What is really frightening is that some of those policy mistakes may have already been made, but the butcher’s bill has not yet come due.  Does anyone really understand the mid to long term economic consequences of the vast expansion of the money supply and the Fed’s balance sheet as part of our muscular response to Covid?  How about our nearly $30 trillion debt overhang?  Is the continued management of the shape of the curve by the Fed and consequentially management of interest rates okay, or it is a problem?  Will they now announce Fed prescription for interest rate hikes and a slimming of the balance sheet work as advertised?

Let’s close out our stroll through things to worry about with a look at the regulatory sensibilities of the current administration.  What policies might be implemented with an administration suffused with progressive instincts endeavoringto act in a muscular way in the service of social justice, climate change, and fairness? Perhaps if all or much of that agenda is actually implemented (something that is far from certain at this point) we will see a bit more regulatory friction in the financial sector.  Friction may result in an increase in cost, decreasedefficiency, decreased access to capital and a material increase in the cost of that capital.  But surely our markets would survive that.  It’s sort of more of the same.

But if these policy prescriptions…either individually or collectively trigger something meaningfully worse?  Except for the talking heads of Fox News, that doesn’t seem likely.  However, overshoot is always possible.  We have a long history of well-intended policy prescriptions that turned out to be wrong-headed, policies that even while meeting their intended goals, triggered sufficient negative externalities to cause material damage to the economy.  Moreover, given the increasingly massive size, breadth and power of our federal government, policy mistakes at the regulatory heights will be magnified because our government simply has more control over the economy than it had in the past.

It all bears watching, doesn’t it?  I wish I could propose some “tells” here, something observed that would tell us that the calculus was changing and give us a heads up that things might go terribly wrong (like, for instance, the thought piece from Professor Omarova, the president’s withdrawn candidate to run the OCC, who suggested that banks be nationalized and made part of the Post Office!  Yikes!)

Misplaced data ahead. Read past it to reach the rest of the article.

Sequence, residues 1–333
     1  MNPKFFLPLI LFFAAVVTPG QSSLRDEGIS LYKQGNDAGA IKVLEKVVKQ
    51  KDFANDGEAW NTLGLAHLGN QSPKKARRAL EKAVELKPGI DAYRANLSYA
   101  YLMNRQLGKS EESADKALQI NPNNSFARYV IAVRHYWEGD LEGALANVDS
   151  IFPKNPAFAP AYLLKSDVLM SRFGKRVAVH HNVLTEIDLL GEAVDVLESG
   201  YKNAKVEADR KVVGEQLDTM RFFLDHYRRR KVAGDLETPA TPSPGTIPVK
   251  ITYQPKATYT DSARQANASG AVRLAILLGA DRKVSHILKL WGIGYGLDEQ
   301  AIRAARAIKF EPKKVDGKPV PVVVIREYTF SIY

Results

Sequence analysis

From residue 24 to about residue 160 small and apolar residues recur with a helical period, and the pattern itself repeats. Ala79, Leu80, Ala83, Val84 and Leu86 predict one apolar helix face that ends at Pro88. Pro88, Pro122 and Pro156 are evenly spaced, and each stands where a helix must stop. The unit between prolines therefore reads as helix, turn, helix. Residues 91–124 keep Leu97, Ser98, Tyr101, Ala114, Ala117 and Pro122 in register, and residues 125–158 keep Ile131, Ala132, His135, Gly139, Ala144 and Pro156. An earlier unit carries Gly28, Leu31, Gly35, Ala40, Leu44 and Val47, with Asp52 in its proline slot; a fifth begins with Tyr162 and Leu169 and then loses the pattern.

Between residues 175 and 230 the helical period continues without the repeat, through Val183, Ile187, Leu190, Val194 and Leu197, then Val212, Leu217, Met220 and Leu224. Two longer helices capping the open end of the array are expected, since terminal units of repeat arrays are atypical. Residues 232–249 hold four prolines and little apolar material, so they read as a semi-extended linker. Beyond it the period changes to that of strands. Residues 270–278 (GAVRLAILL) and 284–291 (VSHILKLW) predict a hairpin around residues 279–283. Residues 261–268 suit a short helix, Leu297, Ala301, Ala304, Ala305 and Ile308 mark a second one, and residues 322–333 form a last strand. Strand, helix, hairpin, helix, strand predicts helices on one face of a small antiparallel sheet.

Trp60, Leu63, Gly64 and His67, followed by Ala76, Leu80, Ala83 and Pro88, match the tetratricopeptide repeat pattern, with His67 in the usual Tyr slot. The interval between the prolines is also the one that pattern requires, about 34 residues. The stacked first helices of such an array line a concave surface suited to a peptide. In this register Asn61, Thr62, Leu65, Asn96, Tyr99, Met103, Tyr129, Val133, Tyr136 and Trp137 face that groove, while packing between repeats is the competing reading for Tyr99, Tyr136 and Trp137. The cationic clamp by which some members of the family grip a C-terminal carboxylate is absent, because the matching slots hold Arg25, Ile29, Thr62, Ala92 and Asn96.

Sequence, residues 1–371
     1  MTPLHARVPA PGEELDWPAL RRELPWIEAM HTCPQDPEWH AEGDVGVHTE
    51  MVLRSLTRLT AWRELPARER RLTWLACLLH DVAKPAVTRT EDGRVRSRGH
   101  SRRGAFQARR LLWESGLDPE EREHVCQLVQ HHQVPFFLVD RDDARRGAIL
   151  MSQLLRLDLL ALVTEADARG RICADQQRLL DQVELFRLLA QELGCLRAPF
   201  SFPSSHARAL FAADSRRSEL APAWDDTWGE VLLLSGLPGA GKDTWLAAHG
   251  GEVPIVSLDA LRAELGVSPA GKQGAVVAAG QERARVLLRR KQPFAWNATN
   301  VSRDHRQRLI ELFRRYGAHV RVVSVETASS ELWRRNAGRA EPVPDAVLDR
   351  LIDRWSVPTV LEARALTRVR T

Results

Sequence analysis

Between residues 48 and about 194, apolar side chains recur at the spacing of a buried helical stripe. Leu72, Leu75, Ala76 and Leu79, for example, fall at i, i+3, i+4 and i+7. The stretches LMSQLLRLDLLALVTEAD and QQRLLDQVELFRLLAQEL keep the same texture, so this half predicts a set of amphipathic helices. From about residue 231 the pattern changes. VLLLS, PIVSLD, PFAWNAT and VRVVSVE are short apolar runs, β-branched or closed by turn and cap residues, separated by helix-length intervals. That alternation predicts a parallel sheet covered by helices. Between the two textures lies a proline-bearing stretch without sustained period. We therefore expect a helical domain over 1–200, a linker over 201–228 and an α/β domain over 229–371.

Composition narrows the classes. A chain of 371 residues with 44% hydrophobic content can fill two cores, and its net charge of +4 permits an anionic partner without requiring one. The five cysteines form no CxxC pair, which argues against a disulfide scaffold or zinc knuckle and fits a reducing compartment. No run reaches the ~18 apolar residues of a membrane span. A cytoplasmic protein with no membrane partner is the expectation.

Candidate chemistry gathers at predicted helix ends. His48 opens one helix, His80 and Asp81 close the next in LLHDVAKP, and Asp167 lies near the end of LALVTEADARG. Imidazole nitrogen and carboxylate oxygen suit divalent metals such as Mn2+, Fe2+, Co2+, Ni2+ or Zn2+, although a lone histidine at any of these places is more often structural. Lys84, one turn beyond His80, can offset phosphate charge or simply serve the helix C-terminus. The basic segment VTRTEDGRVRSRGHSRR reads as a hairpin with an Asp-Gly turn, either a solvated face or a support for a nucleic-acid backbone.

But I can’t do that right now.  So, we all needs to be heads up (and remember to support our PACs and trade organizations in their efforts to protect our markets.)

Look, my musings hardly constitute a scientific analysis of the historic record and please, if you have written a 100-pagedissertation on any of these events and are deeply distressed by my sophomoric analysis, just don’t bother to tell me.

Net/net, I can return to where I started a few weeks ago and confirm my relatively sunny analysis of 2022.  I’ll take off the table my caveats regarding nutty dictators and germs, but I do have to double down on the possibility of fiscal or monetary misadventure.

Remember to call me if it all goes casters up and I promise to be dutifully remorseful and contrite.

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Richard D. Jones (“Rick”), Rick Jones is a capital markets and securitization practitioner highly rated by both Chambers, USA  and Legal 500.

A leader in the industry, a recipient of both the CREFC Founders Award and the Distinguished Service Award from the…

Richard D. Jones (“Rick”), Rick Jones is a capital markets and securitization practitioner highly rated by both Chambers, USA  and Legal 500.

A leader in the industry, a recipient of both the CREFC Founders Award and the Distinguished Service Award from the Mortgage Bankers Association (MBA) for his leadership.  Rick publishes widely and speaks on a wide range of issues effecting the capital markets and mortgage finance.  He is a past president of the CRE Finance Council; a founder of the Commercial Real Estate Institute (CRI); a member and past governor of the American College of Real Estate Lawyers and a former chair of its Capital Markets Committee; and a member of the Commercial Mortgage Board of Governors (COMBOG) of the MBA. Mr. Jones is a member of the Real Estate Roundtable, serving on its Capital and Credit Policy Advisory Committee. He also serves as the chairman of CRE Finance Council’s PAC.